Oregon prepares to issue marijuana business licenses using new online portal

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Oregon’s Liquor Control Commission is nearly ready to start issuing business licenses for recreational marijuana growers using a new online system for tracking applications from entrepreneurs hoping to sell the newly legalized drug.

Since January, the commission has been accepting applications from prospective growers using a web portal, and now it’s nearly ready to start using the electronic system to award licenses and keep tabs on these new businesses. Nathan Rix, a policy analyst for the commission, told StateScoop that they’ve received more than 800 applications so far, and they’re aiming to issue the first licenses for businesses by the end of April.

“Our commission, from the outset, saw an opportunity to build a new program that not only would be a state-of-the-art recreational marijuana program coming on the heels of what Colorado and Washington had done, but would also be a model for transformation with the agency on the liquor side,” Rix said.

Indeed, Rix noted that when the ballot measure to legalize marijuana — charging the commission with the regulation of its sale and taxation — passed in 2014, they quickly decided that they wanted to move the process “fully online.” While the state currently requires “upwards of 10 different forms” for people applying for liquor licenses, Rix said he was committed to making the new process “more like applying for a mortgage.”

“What we wanted to do is create a customer-friendly experience for these new marijuana entrepreneurs and also the growers who are very experienced in growing marijuana, but haven’t had that much experience interacting with government,” Rix said.

But he noted that the prospect of going through the procurement process for a new company to build the system seemed daunting, especially because the Legislature required the commission to start accepting applications by Jan. 4. Accordingly, he took a look at the firms already doing business with the state and discovered that NIC, a company focused on building web tools for the public sector, had already worked with Oregon to build sites like the state’s fishing license portal.

“We decided to contract with this existing firm and frankly they’ve been fantastic and very flexible to work with our policy team,” Rix said.

[Read more: Colorado figures out how to spend marijuana money]

Mark Pettinger, spokesperson for the commission’s recreational marijuana program, added the state’s unsuccessful effort to build a health care exchange following a slew of technical glitches meant there was pressure on the commission headed into the project. That’s why Rix and the rest of the team behind the effort solicited feedback from “over 100 different business owners” across the state as they worked to design the system.

Pettinger noted that the commission also held a series of workshops around Oregon in December to simultaneously collect feedback on the portal and educate people on the process of using it to apply for a license, ultimately attracting more than 4,000 attendees.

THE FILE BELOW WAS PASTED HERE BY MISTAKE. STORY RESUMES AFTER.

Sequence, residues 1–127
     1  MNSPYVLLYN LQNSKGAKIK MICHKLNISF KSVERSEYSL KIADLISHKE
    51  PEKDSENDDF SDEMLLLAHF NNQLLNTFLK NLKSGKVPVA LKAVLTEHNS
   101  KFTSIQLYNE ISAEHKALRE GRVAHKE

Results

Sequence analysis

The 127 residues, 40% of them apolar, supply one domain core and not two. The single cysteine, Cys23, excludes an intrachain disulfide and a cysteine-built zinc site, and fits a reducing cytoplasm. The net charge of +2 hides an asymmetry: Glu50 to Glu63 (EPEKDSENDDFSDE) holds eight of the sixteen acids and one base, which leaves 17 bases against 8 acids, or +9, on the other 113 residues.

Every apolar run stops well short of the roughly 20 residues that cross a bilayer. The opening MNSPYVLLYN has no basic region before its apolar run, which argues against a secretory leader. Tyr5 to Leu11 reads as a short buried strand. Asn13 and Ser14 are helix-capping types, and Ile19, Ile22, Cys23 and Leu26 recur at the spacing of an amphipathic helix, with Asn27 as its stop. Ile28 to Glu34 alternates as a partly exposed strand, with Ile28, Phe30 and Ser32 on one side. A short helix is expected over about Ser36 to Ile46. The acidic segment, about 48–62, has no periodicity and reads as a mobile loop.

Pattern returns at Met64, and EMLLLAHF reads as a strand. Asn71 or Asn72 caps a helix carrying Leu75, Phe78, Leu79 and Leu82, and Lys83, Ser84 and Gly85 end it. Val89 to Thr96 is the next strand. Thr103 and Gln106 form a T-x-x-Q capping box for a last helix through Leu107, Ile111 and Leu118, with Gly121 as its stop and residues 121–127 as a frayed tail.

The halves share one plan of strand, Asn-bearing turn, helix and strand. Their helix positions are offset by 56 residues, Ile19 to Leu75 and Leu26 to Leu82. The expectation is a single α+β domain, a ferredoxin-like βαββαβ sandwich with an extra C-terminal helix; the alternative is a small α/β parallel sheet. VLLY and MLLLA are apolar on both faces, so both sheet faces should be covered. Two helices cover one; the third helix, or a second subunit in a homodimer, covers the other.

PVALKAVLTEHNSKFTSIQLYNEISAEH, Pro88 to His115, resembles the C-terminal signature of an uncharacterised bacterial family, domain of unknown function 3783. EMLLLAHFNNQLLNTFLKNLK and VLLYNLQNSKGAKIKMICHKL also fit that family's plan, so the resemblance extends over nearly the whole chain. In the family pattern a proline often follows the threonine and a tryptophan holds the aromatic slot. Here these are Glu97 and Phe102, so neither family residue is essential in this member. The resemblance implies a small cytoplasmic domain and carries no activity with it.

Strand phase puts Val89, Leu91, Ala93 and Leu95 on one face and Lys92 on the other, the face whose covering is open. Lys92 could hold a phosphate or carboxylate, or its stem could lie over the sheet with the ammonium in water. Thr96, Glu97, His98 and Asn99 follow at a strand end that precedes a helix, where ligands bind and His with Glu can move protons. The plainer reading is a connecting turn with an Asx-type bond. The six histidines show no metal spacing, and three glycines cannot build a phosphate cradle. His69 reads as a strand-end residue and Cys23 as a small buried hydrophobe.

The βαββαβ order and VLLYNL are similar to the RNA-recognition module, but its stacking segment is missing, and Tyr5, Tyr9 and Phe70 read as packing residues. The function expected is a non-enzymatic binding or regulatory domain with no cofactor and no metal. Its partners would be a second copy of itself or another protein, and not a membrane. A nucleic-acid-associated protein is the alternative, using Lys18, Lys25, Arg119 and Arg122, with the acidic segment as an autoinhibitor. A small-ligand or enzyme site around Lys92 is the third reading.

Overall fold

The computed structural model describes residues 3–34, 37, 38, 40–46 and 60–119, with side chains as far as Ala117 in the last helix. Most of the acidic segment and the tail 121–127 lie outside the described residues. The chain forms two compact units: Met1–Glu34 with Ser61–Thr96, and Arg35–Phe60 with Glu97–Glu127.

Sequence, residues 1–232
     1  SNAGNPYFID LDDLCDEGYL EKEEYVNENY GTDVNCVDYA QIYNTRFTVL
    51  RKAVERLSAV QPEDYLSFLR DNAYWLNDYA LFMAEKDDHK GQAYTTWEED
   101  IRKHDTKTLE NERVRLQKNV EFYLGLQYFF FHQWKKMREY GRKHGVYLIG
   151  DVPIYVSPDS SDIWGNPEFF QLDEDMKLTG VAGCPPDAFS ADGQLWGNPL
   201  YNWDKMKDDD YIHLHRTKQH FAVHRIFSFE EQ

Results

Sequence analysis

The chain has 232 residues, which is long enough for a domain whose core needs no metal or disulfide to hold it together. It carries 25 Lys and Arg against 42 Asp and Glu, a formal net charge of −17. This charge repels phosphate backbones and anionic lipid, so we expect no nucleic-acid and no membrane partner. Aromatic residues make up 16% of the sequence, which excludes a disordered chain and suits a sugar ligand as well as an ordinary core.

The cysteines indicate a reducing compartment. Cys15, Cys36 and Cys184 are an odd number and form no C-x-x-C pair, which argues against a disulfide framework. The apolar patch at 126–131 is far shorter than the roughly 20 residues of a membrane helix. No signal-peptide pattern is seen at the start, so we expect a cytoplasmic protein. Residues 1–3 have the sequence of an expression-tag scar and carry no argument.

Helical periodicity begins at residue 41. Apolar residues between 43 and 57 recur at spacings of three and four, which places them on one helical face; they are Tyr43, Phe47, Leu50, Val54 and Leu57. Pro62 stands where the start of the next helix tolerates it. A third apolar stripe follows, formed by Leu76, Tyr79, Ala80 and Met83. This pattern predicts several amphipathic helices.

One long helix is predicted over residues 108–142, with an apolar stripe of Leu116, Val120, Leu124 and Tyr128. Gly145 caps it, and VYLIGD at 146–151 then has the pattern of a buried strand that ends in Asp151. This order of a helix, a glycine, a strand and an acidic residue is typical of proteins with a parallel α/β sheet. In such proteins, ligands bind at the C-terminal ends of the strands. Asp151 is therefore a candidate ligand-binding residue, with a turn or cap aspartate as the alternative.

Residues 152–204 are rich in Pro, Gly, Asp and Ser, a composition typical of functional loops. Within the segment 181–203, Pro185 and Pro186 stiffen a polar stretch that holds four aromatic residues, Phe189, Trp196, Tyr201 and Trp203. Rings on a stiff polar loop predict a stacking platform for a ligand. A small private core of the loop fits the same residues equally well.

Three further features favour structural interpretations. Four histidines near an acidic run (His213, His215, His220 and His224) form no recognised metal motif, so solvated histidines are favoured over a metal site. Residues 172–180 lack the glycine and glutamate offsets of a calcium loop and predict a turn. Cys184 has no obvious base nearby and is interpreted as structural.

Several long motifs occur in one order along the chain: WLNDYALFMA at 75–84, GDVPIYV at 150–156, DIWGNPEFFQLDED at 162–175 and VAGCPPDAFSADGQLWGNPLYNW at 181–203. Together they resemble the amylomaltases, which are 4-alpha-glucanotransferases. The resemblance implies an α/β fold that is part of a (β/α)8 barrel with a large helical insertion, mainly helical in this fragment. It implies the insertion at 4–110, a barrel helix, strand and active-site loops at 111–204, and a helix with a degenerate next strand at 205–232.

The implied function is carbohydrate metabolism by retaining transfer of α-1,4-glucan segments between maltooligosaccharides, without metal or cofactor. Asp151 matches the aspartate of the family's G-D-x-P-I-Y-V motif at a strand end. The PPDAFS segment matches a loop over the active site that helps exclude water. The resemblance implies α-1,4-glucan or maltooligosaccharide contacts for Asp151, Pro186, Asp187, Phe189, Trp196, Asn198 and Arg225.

“We held their hand and took them step by step through the application, because we knew that if they encountered a hitch there, that could be detrimental to their experience with the agency,” Rix said.

But Rix added that they also looked outside the state for input. When he spoke with Colorado officials about their efforts to regulate the drug, they stressed “interagency collaboration” was key.

That advice encouraged him to start a conversation with Gov. John Hickenlooper’s office about the effort, and together they pulled in 15 agencies to create a kind of guidebook laying out how applicants would need to navigate the various levels of bureaucracy to get their businesses up and running.

“We explain that, though an applicant may be successful through our licensing process, there are sometimes upwards of five to 10 other state government agencies and numerous local governments that an applicant will have to interact with in order to get the necessary permits to be a successful business,” Rix said.

With that groundwork in place, Rix and the rest of the commission was able to meet their deadline and launch the portal on Jan. 4. Pettinger noted that a massive ice storm that day kept many state employees home, but the effort still went off “without a hitch,” and Rix added that they’ve received “great feedback” about the portal since then.

“Now that our systems are in place, our IT infrastructure is established, and the industry is more or less trained on how to use the tools, now we really have to use them ourselves and let them become part of our normal business processes,” Rix said.

But as the commission starts using the system to issue licenses — a process that will start this month and continue through the end of the year, Rix said — staffers would also begin to digitize the liquor license application system. The Legislature has already allocated some funds for the process, and Rix hopes to complete it within “the next year” or so.

“We’re excited that marijuana successfully convinced not only the legislative body, but most importantly our internal staff to help make that culture change from paper processing over to online liquor processing,” Rix said.

Contact the reporter at alex.koma@statescoop.com, and follow him on Twitter @AlexKomaSNG.

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Digital Services, Economy, marijuana, marijuana legalization, NIC, Oregon Liquor Control Commission, Software, State & Local News, Tech News, Websites
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